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Etched in stone

The following appears on the home page of the San Francisco Planning Department:

Planning Department Resources: presented below is the most valuable of Departmental information sources, The Planning Code. To receive the law as given down by the City of San Francisco and the Planning Department, click on the tablets. 

The following provision appears in Section 306.7 of this "most valuable of Departmental information source":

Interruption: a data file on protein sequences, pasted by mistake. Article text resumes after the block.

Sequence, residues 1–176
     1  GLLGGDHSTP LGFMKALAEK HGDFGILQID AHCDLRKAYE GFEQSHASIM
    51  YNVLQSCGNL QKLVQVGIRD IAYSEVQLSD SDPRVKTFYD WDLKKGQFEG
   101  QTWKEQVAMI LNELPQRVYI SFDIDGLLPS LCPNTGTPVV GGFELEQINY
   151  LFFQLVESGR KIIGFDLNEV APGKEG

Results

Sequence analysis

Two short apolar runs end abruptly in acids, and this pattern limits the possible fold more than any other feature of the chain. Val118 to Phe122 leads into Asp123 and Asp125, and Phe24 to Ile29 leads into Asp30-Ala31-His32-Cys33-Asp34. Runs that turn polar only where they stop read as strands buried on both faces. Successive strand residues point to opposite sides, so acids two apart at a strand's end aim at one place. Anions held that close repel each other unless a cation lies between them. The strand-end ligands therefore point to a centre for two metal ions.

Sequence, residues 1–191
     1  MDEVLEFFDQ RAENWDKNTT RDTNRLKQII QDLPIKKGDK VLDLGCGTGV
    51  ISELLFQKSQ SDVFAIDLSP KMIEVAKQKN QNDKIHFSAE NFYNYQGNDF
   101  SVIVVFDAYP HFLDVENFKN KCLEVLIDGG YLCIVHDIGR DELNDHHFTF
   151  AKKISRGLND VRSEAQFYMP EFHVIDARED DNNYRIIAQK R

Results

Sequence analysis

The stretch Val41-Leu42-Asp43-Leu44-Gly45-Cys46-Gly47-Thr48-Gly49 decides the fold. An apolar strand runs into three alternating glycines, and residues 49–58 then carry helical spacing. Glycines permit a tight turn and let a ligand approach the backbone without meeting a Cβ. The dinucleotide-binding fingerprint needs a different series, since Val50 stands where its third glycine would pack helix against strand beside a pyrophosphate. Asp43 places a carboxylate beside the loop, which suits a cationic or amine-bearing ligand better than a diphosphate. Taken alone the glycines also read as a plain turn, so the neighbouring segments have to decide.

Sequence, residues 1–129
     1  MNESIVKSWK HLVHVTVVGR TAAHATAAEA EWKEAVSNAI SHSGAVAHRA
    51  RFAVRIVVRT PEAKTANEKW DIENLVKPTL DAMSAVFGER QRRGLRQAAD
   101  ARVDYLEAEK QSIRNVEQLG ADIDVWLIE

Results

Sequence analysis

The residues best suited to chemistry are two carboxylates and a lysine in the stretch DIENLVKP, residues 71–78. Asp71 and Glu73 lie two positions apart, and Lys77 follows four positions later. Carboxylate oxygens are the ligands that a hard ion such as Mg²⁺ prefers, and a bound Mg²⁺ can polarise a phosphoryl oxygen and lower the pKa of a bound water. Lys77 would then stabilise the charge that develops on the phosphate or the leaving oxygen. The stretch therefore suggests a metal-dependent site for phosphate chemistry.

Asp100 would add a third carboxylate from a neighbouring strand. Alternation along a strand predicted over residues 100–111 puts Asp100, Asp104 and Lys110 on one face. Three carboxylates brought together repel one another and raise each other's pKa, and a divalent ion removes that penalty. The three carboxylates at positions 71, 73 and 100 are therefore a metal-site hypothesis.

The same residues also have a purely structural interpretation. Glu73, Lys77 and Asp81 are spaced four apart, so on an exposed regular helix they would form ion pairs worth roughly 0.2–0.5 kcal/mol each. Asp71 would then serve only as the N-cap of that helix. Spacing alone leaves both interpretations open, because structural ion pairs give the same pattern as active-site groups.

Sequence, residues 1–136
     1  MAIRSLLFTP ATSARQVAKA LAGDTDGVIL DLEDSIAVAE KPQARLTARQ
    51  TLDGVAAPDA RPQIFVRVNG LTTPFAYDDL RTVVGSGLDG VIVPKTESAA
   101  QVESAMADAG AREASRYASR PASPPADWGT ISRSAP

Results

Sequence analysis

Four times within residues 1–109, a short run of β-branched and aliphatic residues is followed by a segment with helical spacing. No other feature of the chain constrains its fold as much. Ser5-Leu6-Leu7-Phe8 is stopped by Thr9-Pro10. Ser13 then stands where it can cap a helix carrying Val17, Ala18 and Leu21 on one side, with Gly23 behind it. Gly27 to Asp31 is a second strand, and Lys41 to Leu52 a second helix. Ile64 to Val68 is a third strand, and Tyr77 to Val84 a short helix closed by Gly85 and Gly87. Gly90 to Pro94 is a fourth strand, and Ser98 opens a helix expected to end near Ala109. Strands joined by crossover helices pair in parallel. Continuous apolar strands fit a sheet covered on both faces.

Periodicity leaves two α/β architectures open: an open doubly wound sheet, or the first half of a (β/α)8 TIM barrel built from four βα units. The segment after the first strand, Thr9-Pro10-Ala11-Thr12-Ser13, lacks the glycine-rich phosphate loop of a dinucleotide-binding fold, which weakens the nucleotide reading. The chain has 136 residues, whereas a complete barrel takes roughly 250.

The Board of Supervisors and the City Planning Commission are hereby authorized to impose interim zoning controls to suspend temporarily the processing of certain applications for demolition permits, building permits and other land use authorizations which may be in conflict with a contemplated zoning proposal which the Board of Supervisors, the City Planning Commission or the Department of City Planning is considering or studying or intends to study within a reasonable time. The provisions of this Section will allow time for the orderly completion of a planning study and for the adoption of appropriate legislation. Interim zoning controls are necessary to ensure that the legislative scheme which may be ultimately adopted is not undermined during the planning and legislative process by the approval or issuance of permits authorizing the alteration, construction or demolition of buildings or the establishment or change of uses which will conflict with that scheme. In determining whether to impose interim zoning controls, the body imposing the controls shall consider the impact on the public health, safety, peace and general welfare if the proposed controls are not imposed, including, but not limited to, the public interest in the following objectives: